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Old 13th Oct 2023, 5:36 pm   #21
Mark1960
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Default Re: Commodore PET 4032 apparent 6520 failure

There doesn’t seem to be a pullup on the diag line, so relying on the 74ls00 floating high. Could it be pulled high with a resistor to 5v, maybe 1k-4.7k range.
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Old 13th Oct 2023, 5:43 pm   #22
SiriusHardware
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Default Re: Commodore PET 4032 apparent 6520 failure

I think Mark means try putting a resistor (value between 1K - 4K7) between +5V and the DIAG line.

Relying on the 74LS input to keep the line high unless taken low seems like very bad practice to me, and it's even more baffling when you get to the 3016 which doesn't have the UD5 gate on the DIAG line - only the 6520 pin.

The 6520 pin must sometimes (under control of the firmware) go into output mode in order to control the speaker / buzzer audio gate, but presumably when it is doing that it does not try to read the pin as an input.
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Old 13th Oct 2023, 6:02 pm   #23
ScottishColin
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Default Re: Commodore PET 4032 apparent 6520 failure

So find a 5v feed and connect it with a resistor in line to UB12 pin 9?

Colin.
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Old 13th Oct 2023, 6:29 pm   #24
SiriusHardware
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Default Re: Commodore PET 4032 apparent 6520 failure

Or to UD5 (2). Either / or.
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Old 13th Oct 2023, 10:54 pm   #25
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Default Re: Commodore PET 4032 apparent 6520 failure

OK - UD5/2 with 5V and the resistor inline boots OK consistently. With it removed, it drops to the monitor.

Colin.
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Old 13th Oct 2023, 11:13 pm   #26
Mark1960
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Default Re: Commodore PET 4032 apparent 6520 failure

It seems like one of the devices on that input has maybe been damaged, but not destroyed.

I think you swapped the 6520 and didn’t see any improvement, so maybe you stressed the input of the 74LS00.

You could also just leave the resistor fitted, inputs shouldn’t really be left floating.
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Old 14th Oct 2023, 12:22 am   #27
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Default Re: Commodore PET 4032 apparent 6520 failure

So does this mean that swapping the 74LS00 is a sensible thing to try? I have already swapped the 6520.

Colin.



Quote:
Originally Posted by Mark1960;1592[B
[/B]637]It seems like one of the devices on that input has maybe been damaged, but not destroyed.

I think you swapped the 6520 and didn’t see any improvement, so maybe you stressed the input of the 74LS00.

You could also just leave the resistor fitted, inputs shouldn’t really be left floating.
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Old 14th Oct 2023, 7:59 am   #28
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Default Re: Commodore PET 4032 apparent 6520 failure

The machine has, historically, somehow, worked without a pullup resistor on the DIAG line so the 'right' way to fix it is probably to replace the 74LS00 and remove the pullup resistor to see if that gets it working as-was. With the 6520 (hopefully) ruled out, the only other device on that node which could be causing abnormal behaviour is the 74LS00.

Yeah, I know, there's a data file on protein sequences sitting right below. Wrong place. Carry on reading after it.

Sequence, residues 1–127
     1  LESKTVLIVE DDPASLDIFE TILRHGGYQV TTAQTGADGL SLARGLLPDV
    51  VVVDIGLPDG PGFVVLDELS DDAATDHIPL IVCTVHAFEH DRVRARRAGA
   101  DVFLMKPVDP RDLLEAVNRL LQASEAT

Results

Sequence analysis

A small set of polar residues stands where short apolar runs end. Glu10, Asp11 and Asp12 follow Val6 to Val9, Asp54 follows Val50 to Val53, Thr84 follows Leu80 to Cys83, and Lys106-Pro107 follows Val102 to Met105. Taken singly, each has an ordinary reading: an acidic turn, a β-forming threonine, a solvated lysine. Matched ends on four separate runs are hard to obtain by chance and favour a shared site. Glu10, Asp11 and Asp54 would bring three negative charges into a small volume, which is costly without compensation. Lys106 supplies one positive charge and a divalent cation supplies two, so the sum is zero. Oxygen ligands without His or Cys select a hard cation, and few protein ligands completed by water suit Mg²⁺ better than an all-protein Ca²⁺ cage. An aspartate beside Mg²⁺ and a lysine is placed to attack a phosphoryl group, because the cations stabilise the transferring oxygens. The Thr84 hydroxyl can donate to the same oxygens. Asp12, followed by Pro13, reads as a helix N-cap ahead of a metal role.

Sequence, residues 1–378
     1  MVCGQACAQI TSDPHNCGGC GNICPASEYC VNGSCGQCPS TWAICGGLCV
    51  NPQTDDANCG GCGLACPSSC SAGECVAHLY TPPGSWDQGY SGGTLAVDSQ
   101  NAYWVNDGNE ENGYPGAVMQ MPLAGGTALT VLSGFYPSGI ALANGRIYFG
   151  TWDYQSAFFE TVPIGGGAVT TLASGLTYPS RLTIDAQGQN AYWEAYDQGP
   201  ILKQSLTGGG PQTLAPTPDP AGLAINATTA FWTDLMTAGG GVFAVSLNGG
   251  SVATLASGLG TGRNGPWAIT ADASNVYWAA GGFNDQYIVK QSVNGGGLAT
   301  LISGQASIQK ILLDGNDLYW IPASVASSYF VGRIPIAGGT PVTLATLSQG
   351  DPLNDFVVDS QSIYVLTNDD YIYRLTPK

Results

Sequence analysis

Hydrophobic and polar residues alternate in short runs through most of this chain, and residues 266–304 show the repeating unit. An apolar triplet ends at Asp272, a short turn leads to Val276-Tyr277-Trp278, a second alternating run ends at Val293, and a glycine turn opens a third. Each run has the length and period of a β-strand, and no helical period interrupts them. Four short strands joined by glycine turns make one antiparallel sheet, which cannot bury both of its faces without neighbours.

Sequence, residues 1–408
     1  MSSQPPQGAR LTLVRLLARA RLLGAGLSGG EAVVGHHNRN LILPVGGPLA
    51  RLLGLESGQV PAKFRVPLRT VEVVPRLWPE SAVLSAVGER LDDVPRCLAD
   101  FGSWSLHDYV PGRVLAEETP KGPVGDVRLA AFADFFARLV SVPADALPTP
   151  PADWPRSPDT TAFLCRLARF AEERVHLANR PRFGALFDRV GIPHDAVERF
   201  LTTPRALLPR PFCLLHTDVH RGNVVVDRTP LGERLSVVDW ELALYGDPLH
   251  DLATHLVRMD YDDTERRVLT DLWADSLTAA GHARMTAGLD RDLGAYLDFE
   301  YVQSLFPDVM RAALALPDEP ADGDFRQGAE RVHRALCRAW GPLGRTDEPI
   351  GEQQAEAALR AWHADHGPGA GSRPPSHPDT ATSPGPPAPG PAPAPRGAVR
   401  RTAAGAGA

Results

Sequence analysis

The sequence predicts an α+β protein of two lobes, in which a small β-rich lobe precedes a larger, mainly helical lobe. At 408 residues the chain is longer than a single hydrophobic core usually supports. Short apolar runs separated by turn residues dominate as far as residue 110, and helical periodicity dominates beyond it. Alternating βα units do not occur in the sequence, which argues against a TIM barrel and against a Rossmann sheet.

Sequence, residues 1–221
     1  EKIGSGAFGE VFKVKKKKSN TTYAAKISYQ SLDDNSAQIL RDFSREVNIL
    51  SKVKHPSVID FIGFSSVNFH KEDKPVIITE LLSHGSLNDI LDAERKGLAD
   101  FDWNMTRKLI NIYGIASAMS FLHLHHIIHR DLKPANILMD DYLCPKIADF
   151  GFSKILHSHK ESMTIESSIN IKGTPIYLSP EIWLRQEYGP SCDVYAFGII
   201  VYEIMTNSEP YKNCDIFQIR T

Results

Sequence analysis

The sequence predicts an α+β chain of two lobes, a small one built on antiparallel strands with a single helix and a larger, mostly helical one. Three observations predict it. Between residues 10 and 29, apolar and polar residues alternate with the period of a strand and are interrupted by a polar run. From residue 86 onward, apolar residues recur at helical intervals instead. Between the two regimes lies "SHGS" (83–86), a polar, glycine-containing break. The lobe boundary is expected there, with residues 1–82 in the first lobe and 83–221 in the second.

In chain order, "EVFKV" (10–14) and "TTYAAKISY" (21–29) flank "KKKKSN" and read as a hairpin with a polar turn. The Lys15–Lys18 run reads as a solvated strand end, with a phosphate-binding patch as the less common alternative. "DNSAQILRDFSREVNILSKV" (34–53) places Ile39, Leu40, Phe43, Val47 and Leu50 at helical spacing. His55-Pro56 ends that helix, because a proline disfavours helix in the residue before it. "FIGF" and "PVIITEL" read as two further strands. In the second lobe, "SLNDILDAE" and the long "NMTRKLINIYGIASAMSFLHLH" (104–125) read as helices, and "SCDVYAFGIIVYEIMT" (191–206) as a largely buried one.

You could also take the pragmatic approach and solder the resistor permanently in place on the underside of the PCB.

My preference would be to get it working exactly as it was originally, but not everyone is as fussy as I am.
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Old 14th Oct 2023, 10:12 am   #29
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Default Re: Commodore PET 4032 apparent 6520 failure

I'd rather it was like it was too. I'll remove it and try the 'spare' I have in the MK14 and let you know.

Colin.

Quote:
Originally Posted by SiriusHardware View Post
The machine has, historically, somehow, worked without a pullup resistor on the DIAG line so the 'right' way to fix it is probably to replace the 74LS00 and remove the pullup resistor to see if that gets it working as-was. With the 6520 (hopefully) ruled out, the only other device on that node which could be causing abnormal behaviour is the 74LS00.

You could also take the pragmatic approach and solder the resistor permanently in place on the underside of the PCB.

My preference would be to get it working exactly as it was originally, but not everyone is as fussy as I am.
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Old 17th Oct 2023, 12:40 am   #30
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Default Re: Commodore PET 4032 apparent 6520 failure

Quote:
Originally Posted by SiriusHardware View Post
That was mentioned earlier,

Quote:
UB12/9 and UD5/2 both start low at power up and then both go to 1.17V after a few seconds.
Both pins are connected to the DIAG line in the 4032. I can't see a pullup resistor anywhere on that line in the 4032, but I think if it is not logic 1 / high then it will tend to stick in that 'Enter the monitor' loop.

If it's hovering low even with the 6520 removed then I'm leaning towards a problem with the input on UD5 (2). However the extremely high resistance seen between the UD5 pin and 0V with UB12 removed doesn't make UD5 an obvious culprit.